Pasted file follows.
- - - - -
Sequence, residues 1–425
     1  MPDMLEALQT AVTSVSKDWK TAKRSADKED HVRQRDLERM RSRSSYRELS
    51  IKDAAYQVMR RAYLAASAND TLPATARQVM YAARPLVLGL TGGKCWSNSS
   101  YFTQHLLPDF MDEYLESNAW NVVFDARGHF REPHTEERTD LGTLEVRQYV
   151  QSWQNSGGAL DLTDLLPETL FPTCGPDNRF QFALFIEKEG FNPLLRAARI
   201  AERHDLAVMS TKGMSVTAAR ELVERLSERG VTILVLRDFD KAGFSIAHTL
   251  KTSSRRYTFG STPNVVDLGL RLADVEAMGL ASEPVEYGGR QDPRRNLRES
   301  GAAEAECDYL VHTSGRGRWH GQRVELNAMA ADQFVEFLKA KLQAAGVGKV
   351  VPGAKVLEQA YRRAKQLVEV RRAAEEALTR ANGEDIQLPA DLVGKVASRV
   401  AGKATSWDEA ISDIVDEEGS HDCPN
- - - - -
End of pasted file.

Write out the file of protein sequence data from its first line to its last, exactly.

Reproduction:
Sequence, residues 1–425
     1  MPDMLEALQT AVTSVSKDWK TAKRSADKED HVRQRDLERM RSRSSYRELS
    51  IKDAAYQVMR RAYLAASAND TLPATARQVM YAARPLVLGL TGGKCWSNSS
   101  YFTQHLLPDF MDEYLESNAW NVVFDARGHF REPHTEERTD LGTLEVRQYV
   151  QSWQNSGGAL DLTDLLPETL FPTCGPDNRF QFALFIEKEG FNPLLRAARI
   201  AERHDLAVMS TKGMSVTAAR ELVERLSERG VTILVLRDFD KAGFSIAHTL
   251  KTSSRRYTFG STPNVVDLGL RLADVEAMGL ASEPVEYGGR QDPRRNLRES
   301  GAAEAECDYL VHTSGRGRWH GQRVELNAMA ADQFVEFLKA KLQAAGVGKV
   351  VPGAKVLEQA YRRAKQLVEV RRAAEEALTR ANGEDIQLPA DLVGKVASRV
   401  AGKATSWDEA ISDIVDEEGS HDCPN